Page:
First thoughts were that it was a blackbird but I knew from the silent 'whoosh, whoosh" & the bigger size that it wasn't. And sure enough, David had spotted where it landed & I was able to creep up on it and take this shot. It was very alert & was on the verge of flying every step I took.

Not only was I thrilled with this shot because it's without flash in the very dark bush on dusk & handheld at a low shutter speed. Which would usually make it nearly impossible to get a sharp focus. But I nailed it. And, it's my very first "Explore" shot on Flickr. For those that don't know, Flickr is a photo sharing site, I use it to upload, store & share my photos. Flickr receives around 6,000 uploads every minute - that's about 8.6 million photos a day. From this huge group of images, Flickr choose only 500 images to showcase for each 24-hour period. That's only one image in every 17,000. And my Ruru was one of those on June 24th! Here's the link if you would like to read the comments.

We continued on to the end of the track now acutely aware of any movement around us. There were no other birds let alone another morepork. The track ended on a small point that reached out into the lake with a big drop off into the water below. We were just in time to see the last sun of the day & return along the track before it was pitch black.

Once the sun disappeared the temperature plummeted & without heating in the van we quickly put on extra layers of clothes. But it didn't help much and by 7:30pm we were tucked up in bed with as many blankets as we had available piled on top. I'll spare you the details of the clothing I wore to bed suffice to say that only my nose got cold that night. It actually wasn't too bad until you had to get up for the bathroom. I checked the temperature gauge at 12 midnight & it was 7c inside the van & 1.7c outside! Here's what it was in the morning at 8:30am; 4.4c inside & 1.8c outside, along with a good coating of frost on the ute.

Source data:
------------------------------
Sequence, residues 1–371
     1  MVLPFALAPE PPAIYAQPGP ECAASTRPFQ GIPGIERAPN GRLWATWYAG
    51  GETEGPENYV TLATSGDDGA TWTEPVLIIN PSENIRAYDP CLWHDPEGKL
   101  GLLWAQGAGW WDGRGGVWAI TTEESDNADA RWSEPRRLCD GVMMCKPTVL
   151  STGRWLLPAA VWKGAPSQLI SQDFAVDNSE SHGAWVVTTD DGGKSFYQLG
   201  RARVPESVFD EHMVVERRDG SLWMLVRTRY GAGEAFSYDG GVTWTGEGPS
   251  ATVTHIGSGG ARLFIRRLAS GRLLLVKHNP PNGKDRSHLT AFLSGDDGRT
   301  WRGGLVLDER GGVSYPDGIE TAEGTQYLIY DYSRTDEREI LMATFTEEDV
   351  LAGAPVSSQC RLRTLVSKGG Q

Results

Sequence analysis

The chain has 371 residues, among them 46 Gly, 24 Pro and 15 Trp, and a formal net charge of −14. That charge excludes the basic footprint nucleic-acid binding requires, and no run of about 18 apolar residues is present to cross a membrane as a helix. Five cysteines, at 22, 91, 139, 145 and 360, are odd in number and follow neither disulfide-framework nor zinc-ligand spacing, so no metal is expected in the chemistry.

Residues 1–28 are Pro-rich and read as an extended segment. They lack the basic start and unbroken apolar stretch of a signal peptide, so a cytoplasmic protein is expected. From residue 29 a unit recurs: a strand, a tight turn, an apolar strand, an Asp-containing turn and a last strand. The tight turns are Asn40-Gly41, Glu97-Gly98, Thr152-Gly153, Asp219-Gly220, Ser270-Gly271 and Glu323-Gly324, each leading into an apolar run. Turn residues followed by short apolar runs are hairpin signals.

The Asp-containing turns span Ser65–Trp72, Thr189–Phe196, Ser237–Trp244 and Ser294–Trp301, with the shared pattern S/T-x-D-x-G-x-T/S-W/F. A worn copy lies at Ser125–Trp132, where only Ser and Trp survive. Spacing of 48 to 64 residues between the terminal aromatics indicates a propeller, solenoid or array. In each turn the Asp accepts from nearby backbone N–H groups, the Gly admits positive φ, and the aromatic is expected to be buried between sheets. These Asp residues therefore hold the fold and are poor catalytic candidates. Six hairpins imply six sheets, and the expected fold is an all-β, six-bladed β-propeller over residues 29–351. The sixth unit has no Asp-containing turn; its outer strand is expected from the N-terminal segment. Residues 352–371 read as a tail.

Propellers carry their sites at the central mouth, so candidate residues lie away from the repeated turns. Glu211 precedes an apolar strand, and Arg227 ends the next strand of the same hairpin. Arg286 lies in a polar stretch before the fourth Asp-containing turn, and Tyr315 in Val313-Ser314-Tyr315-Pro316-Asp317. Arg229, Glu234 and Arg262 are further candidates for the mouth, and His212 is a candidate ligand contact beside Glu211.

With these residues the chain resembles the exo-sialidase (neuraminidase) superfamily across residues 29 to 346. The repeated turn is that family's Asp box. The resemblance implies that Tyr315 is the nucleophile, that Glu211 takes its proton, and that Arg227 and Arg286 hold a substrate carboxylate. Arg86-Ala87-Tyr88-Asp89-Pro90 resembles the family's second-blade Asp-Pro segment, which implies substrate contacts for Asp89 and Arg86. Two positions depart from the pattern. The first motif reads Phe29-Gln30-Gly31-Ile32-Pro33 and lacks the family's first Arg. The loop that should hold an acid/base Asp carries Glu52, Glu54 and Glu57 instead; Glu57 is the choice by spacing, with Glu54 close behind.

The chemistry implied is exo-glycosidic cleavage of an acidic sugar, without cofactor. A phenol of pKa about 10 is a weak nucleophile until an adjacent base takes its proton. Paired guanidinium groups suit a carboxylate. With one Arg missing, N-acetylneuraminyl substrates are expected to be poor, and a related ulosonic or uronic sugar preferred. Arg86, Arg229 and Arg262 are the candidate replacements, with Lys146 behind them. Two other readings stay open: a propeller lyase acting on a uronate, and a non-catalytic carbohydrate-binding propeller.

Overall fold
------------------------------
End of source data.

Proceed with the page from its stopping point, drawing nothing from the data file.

Needless to say we didn't get out of bed until around 10:30am, the most time I've spent in bed for a very long time! The fact that the sun didn't pop it's head above the hill next to us until after 11 o'clock hadn't help with warming up the campground either. When we finally made an appearance outdoors everyone else had left!

Once the sun reached us we had about half an hour of lovely sunshine & warmth & then the clouds rolled in & it turned bitterly cold again. We were thinking of stopping two nights when we arrived but this sudden change in weather helped us decide to head on home. Roll on the "central heating"

Wednesday 19 June 2013

Lake Tutira Reflections

Before we left Napier David & I had wanted to visit Boundary Stream, a 702ha mainland island bird sanctuary & scenic reserve located on the eastern flanks of the Maungaharuru Range 60kms north east of Napier. The reserve is home to a number of threatened species including kiwi, kaka and kokako & the New Zealand falcon. You may recall back in February when we stayed at Glenfalls we travelled inland hoping to reach Boundary Stream but gave up after travelling over 10kms on a bone rattling & dusty corrugated gravel road.